There's one format in particular that comes to mind when talking about multiplayer, and that's Commander. The entire format is built around having more than one person at the table, and that often leads to games of politics, with players debating who's the real threat and what most needs to be dealt with. Now, I don't mind a bit of politics now and then. In fact, I'm pretty good at it. "I should have killed you when I had the chance" is a phrase that gets thrown around a lot in my playgroup.

However, there's a second reason for that phrase, and that's the fact that most of my deck are built to kill everyone. Playing it safe and surviving until the end of the game isn't my style. I prefer doing something absolutely crazy and challenging the other players at the table to stop me before I can kill them all. Sometimes they succeed. More often they do not.

There are many commanders that can support that kind of strategy, but one of the best is one I hadn't yet built a deck around. Today, I decided to fix that. Purphoros, God of the Forge is perfect for a deck that plans on turning everyone against you and winning anyway. Since it hits every opponent at the same time, you don't need to choose who to kill. Your opponents will die together, trying to claw at your life total as theirs drop precipitously.

I'll give you this enormously long decklist to start off with, then highlight some of the key cards in the deck, and some of the more unique choices.

Tokens of the Forge

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COMMANDER: Purphoros, God of the Forge

Obviously, most of the key cards in the deck involve making tokens. If you make twenty creatures enter the battlefield with Purphoros out, you probably win the game. Tokens are the fastest way to make that happen. Cards like Goblin Offensive and Tempt with Vengeance are the best, effectively functioning as a double Fireball that hits every opponent at once. Also you get a pile of 1/1s. Yeah, it's pretty nuts. With cards like Caged Sun, Gauntlet of Power, and Extraplanar Lens to double your mana production, you can potentially kill every opponent in one shot.

These X spells also benefit from Ashnod's Altar and Phyrexian Altar, which turn tokens into more mana to make more tokens. If you don't have a second X spell to get the maximum benefit, Recoup can allow you to rebuy the first one from the graveyard. If you cast Tempt with Vengeance for five and sacrifice all the tokens for colorless mana, you can use Recoup to cast it again for nine, using one mana to help pay for Recoup. Altogether, that's 28 damage to each opponent.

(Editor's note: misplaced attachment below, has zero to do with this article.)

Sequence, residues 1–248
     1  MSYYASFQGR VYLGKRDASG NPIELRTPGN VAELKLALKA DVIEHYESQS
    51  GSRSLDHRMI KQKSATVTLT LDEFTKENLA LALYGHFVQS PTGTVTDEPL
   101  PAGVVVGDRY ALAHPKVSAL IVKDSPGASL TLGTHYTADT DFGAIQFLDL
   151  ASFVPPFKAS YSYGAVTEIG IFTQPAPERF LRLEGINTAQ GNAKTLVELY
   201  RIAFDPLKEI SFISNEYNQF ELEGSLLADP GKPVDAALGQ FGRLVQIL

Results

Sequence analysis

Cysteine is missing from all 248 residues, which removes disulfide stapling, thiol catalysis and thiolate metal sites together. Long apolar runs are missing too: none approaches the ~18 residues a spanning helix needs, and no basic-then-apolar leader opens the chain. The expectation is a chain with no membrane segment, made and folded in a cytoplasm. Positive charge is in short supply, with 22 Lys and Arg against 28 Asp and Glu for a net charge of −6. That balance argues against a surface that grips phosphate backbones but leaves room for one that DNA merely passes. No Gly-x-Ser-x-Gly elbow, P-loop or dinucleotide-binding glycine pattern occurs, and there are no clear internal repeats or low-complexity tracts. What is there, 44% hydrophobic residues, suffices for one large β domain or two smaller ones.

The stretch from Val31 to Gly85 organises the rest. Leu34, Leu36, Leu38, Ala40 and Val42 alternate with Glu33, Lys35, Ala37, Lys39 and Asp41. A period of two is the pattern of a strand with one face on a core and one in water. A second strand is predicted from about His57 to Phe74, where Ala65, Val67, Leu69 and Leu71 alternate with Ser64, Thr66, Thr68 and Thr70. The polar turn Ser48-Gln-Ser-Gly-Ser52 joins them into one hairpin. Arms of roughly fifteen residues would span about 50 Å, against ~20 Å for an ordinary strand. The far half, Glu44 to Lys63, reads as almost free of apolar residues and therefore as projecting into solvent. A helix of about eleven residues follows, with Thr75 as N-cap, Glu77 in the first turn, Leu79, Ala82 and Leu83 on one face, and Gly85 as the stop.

Since there are only so many huge token-making spells available, much of the deck is filled with creatures that make three or more tokens. Cards like Emrakul's Hatcher and Siege-Gang Commander are fairly straightforward, while Thopter Assembly and Goblin Marshal require a bit more time to do their jobs.

While these creatures are fine on their own, many of them get much better when you add Cloudstone Curio to the mix. Emrakul's Hatcher creates four Cloudstone Curio triggers when it enters the battlefield. Fortunately, you don't have to use the ability if you don't want to, so simply use one of them to return the Hatcher to your hand. Sacrifice the three tokens for mana, and cast the Hatcher again. You can repeat this as long as you have mana, and with Purphoros on the battlefield you'll deal 8 damage to each opponent for every two mana you have. Sounds like a good deal to me.

Spawnsire of Ulamog performs a similar function, with a lower output but less setup. All you need is the mana to cast it, and you can get two Purphoros triggers for every two mana you spend after the first activation, turning that ten mana you just spent to cast the Spawnsire into 16 damage to each opponent.

I've also included several ways to turn your tokens into more tokens, getting you more trigger from Purphoros. Mogg Infestation is the best option, as it will give you twice as many creatures as you had before. Hellion Eruption only provides half as many Purphoros triggers, but it also give you back 4/4s instead of 1/1s, which is a pretty big upgrade. Tooth and Claw and Spawning Pit provide even fewer tokens at first, but they stick around on the battlefield, allowing you to continue to turn tokens into tokens. Tooth and Claw is particularly amazing, since you can sacrifice the new tokens again to make more without having to pay any mana. Eight tokens turns into four, which turns into two, then one. All together, you get seven extra Purphoros triggers for your initial investment of just four mana.

Gratuitous Violence is a card I've used in Commander many times, but never before has it been this good. With three red mana symbols in its cost, it will get you to the devotion you need with any other red permanent, and once Purphoros is a creature his damage output will be doubled by Gratuitous Violence. Instead of 2 damage to each opponent, each trigger will deal 4, allowing you to end the game in short order.

The Past is History. The Future...

Now that I've made everyone hate me, it's time to disappear for a while. Never fear, for I'll be back next week with more interesting decks to share. What those decks are no one knows, but check back on Monday and we'll solve the mystery together. The answer may be quite different than what you expected. Until then, keep on bringing the bitter taste of defeat to all who oppose you. See ya!